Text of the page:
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  • 28 Mar 2019 9:10 AM | Anonymous

    About 400 students learned about the construction industry at MTC

    Christopher Emigdio, a junior at Lakewood Ranch High, was impressed with what he saw.

    In front of him, Electrical Technology students Joseph Zagorski and Christian Perez were explaining to Emigdio and other high school students some of what they had learned in their time at Manatee Technical College.

    Emigdio was one of about 400 high school students that came from Sarasota and Manatee counties to the Construction Rodeo, which is a hands-on introduction to the construction industry for high school students. The students explored the industry through electricity, HVAC, carpentry and plumbing programs, among others.

    Mary Dougherty, executive director of the Gulf Coast Builders Exchange, said the event is to interest high schoolers as well as a way to bring more people to the workforce.

    “A big problem in the industry is the labor shortage,” Dougherty said, noting an oncoming “retirement tsunami.” This event, she said, “was kind of a match made in heaven.”

    The Gulf Coast Builders Exchange sponsored the event, which alternates between Manatee Technical College and Suncoast Technical College in Sarasota.

    Dougherty said this year’s event was the biggest in terms of attendance.

    “The young people are coming prepared with better questions,” she said.

    Aside from the hands-on-experience students received, they were also educated on details like resumes, how to apply for jobs, salaries and benefits. Nick Ninos, safety director for Bright Future electricity, provided more personal advice to the students.

    “Believe in yourselves,” he said. “The rest will take care of itself.”

    Chuck Jacobson, who owns Aqua Plumbing and is chair of the subcontractor’s council with the Gulf Coast Builders Exchange, appreciated the event shined a light on opportunities besides college.

    “This is where I came from, 40 years ago,” he said. “College isn’t for everybody.”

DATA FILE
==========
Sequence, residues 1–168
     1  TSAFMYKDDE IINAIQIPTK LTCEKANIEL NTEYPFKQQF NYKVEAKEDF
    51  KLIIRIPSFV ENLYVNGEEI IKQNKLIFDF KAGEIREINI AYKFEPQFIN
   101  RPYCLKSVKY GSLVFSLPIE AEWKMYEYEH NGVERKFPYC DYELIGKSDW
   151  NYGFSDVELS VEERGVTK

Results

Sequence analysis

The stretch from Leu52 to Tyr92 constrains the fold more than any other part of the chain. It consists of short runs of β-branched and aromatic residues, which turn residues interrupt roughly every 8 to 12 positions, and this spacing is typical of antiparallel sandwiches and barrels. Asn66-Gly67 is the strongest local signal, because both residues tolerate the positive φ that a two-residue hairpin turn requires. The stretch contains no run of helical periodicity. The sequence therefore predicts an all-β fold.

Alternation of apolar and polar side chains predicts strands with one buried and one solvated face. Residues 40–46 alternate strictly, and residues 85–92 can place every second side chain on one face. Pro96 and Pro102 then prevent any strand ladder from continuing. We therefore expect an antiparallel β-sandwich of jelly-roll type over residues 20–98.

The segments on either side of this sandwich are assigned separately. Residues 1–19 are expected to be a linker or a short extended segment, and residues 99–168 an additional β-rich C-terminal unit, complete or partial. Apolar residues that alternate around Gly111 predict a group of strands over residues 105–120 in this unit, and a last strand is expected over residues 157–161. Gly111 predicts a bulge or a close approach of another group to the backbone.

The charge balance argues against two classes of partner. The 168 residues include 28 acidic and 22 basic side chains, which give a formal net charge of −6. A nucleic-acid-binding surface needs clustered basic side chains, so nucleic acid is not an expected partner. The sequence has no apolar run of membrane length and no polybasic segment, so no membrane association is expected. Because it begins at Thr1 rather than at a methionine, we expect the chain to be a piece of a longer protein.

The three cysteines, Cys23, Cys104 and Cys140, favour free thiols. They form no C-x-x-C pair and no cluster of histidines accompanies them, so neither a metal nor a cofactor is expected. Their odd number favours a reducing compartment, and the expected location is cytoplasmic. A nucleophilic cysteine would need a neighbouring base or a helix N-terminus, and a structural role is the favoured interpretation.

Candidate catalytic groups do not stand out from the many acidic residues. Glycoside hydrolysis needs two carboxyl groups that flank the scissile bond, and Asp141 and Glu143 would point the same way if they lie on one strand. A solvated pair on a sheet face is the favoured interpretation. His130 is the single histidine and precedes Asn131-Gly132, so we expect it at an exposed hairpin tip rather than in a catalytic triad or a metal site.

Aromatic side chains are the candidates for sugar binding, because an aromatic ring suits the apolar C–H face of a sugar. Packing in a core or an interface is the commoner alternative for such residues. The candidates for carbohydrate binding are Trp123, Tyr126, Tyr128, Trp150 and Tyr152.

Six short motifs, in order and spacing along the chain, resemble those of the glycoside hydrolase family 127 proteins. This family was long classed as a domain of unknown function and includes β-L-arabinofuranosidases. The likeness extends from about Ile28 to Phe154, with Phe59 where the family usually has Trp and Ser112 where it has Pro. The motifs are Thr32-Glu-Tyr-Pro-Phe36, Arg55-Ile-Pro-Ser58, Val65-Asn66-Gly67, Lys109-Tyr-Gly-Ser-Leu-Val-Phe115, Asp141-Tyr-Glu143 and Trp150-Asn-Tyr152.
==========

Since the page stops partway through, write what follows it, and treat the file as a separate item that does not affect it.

He said seeing all of the students engaged and learning gives him hope for the future of the construction industry.

    Isaiah Greenwald, a freshman at Braden River High School, found the event engaging.

    “It’s really cool to learn about all the different places I can go into,” he said.

    Eric Sanders, college and career adviser at Braden River, said he noticed students responding well to the event.

    “It opens the kids’ eyes,” he said. “This is a good thing for our kids.”

    Mark Fulwood, a junior at Lakewood Ranch High School, said he was interested in the event specifically to learn more about the Electrical Technology program.

    “My grandpa, he was an electrician,” he said. “I’m trying to learn the trade.”

    Fulwood said he enjoyed learning something new, like terminology and skills.

    Larry Beebe, an instructor in the Electrical Technology Program, said he hopes the program stimulates students and opens their eyes to the possibility of attending MTC.

    “We can’t teach as fast as the outside world can employ them,” he said.

    Beebe said he’s partial to his program, but is OK with any student choosing MTC program.

    They certainly now know there are plenty of options.

  • 19 Apr 2018 11:55 AM | Anonymous

    Construction Rodeo Attracts and Educates Hundreds of High School Students

    The Gulf Coast Builders Exchange (GCBX), a not-for-profit construction industry trade organization, recently held its second annual Construction Rodeo, an event that showcased information on careers in construction to high school students.

    In partnership with the Sarasota Technical College and Manatee Technical College, about 300 students from Sarasota and Manatee Counties were bused to the event, which was held March 20 at the Sarasota Technical College. During the four-hour event, more than 35 local businesses, speakers and hands-on demonstrations helped show students the various construction-related career opportunities.